## Experiment 9: Sussman Anomaly

The Sussman Anomaly is a problem first posed by Gerald Sussman in his dissertation, illustrating a subtle problem for automated planning systems that are not 'interleaved', in a sense (a very loose sense), planners which do not do look-ahead work. The postulate is a problem which bears many similarities to the Tower of Hanoi we looked at above- it involves stacking things on top of one another, boxes in this case. The problem, however, does not mandate the ordering restriction of the Tower of Hanoi, and is therefore both more difficult, and more simplistic. It is more simple in that movement of the boxes is unrestricted, so there are no funny rules about how any given object can be placed, but it is more difficult because there is far more freedom, and thus more possible experimentation for the agent to do.

The basic problem statement is thus: Given three boxes A, B, and C, stacked such that C is atop A, and B is in its own stack, move boxes so that A is atop B, atop C. This is one of those problems that looks simple to a human, but can confound weakly designed AIs. The core of the problem lies in that an agent has two natural sub goals for this task: A atop B, and B atop C. However, attempting a first order move results in the stack CAB for the first, and BCA for the second. This is, on a small scale, an illustration of the difficulties assorted with sorting problems- individual elements may be easy to order, but various blocks of elements may be non-comparable (all elements of one block might not be 'less than' all elements of the other block).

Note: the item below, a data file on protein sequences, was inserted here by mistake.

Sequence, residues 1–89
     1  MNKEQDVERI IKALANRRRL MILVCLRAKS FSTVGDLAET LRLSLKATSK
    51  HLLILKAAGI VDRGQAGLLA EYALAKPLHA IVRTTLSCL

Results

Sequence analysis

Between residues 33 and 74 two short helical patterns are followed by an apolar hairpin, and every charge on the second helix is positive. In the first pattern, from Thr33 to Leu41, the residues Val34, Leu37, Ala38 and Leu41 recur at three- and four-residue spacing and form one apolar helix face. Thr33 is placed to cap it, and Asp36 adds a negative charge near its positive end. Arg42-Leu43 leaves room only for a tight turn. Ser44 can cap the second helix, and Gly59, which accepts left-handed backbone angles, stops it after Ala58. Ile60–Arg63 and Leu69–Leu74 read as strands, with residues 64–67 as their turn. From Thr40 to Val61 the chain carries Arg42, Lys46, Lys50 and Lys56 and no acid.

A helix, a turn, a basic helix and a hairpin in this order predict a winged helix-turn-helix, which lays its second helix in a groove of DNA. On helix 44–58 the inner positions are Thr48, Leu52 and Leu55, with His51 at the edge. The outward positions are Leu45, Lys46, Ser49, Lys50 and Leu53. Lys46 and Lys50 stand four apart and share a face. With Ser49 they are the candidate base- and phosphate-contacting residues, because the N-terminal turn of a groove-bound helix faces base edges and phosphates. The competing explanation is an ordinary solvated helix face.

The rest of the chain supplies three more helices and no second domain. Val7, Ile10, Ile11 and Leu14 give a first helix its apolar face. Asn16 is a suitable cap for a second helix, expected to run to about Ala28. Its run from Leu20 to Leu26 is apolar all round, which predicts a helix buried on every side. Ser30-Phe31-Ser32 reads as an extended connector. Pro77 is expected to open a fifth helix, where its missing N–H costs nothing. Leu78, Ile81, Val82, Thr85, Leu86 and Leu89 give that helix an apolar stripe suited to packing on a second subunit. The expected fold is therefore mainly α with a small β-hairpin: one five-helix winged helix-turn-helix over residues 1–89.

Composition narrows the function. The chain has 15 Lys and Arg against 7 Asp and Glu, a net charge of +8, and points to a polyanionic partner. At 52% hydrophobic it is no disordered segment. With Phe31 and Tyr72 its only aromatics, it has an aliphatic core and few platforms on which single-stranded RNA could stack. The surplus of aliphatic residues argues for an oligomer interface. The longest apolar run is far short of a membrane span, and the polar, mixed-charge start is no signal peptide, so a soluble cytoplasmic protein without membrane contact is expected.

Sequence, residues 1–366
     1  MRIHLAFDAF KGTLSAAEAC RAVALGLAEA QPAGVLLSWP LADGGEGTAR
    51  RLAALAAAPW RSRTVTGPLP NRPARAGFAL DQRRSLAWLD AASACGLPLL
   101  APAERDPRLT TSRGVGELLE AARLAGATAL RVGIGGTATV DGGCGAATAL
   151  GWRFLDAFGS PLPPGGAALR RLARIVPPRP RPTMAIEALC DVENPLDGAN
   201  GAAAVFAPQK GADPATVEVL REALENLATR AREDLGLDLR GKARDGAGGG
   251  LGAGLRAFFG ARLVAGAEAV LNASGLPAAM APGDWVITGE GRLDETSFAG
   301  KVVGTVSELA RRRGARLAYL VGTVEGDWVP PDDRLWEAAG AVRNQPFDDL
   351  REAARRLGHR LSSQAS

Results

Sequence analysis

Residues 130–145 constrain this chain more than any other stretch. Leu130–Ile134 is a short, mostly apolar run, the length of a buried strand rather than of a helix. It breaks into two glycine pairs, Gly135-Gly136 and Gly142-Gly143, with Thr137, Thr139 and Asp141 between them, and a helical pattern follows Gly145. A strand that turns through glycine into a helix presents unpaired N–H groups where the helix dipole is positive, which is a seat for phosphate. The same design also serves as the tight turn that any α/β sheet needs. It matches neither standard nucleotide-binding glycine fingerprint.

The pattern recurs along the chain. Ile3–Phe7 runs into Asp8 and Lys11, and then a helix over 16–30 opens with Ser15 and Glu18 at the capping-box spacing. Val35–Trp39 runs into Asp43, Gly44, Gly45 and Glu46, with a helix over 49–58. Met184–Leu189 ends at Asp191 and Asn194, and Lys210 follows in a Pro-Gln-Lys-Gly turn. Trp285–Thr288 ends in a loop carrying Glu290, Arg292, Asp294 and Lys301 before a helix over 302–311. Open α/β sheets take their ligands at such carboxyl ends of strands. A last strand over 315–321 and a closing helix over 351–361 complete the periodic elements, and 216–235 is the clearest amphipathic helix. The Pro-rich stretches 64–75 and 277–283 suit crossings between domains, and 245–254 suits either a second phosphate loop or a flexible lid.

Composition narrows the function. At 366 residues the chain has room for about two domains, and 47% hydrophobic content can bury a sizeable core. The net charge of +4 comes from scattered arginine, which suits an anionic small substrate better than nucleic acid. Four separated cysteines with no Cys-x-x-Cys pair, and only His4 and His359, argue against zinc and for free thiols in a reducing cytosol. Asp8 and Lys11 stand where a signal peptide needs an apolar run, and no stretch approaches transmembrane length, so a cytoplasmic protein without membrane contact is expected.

In this experiment, we teach the agent how to sort such stacks, essentially. The intent being that we will both explore sorting as a problem space, and demonstrate the agent's immunity to such a planning fault. In particular, that the algorithm can maintain stability when a multistage plan is necessary. Additionally, we have one other interesting aspect for this experiment- we are going to use the same exact critic that we used in in the Tower of Hanoi experiment, as a demonstration of it's efficacy in another problem domain.

For this problem, we specify the disposition of the system by indexing which box is on top of which stack. We allow for three different stacks, since there are three boxes. This gives a state space of 58 addresses to look at.

The basic problem statement is thus: Given three boxes A, B, and C, stacked such that C is atop A, and B is in its own stack, move boxes so that A is atop B, atop C. This is one of those problems that looks simple to a human, but can confound weakly designed AIs. The core of the problem lies in that an agent has two natural sub goals for this task: A atop B, and B atop C. However, attempting a first order move results in the stack CAB for the first, and BCA for the second. This is, on a small scale, an illustration of the difficulties assorted with sorting problems- individual elements may be easy to order, but various blocks of elements may be non-comparable (all elements of one block might not be 'less than' all elements of the other block).

In this experiment, we teach the agent how to sort such stacks, essentially. The intent being that we will both explore sorting as a problem space, and demonstrate the agent's immunity to such a planning fault. In particular, that the algorithm can maintain stability when a multistage plan is necessary. Additionally, we have one other interesting aspect for this experiment- we are going to use the same exact critic that we used in in the Tower of Hanoi experiment, as a demonstration of it's efficacy in another problem domain.

For this problem, we specify the disposition of the system by indexing which box is on top of which stack. We allow for three different stacks, since there are three boxes. This gives a state space of 58 addresses to look at.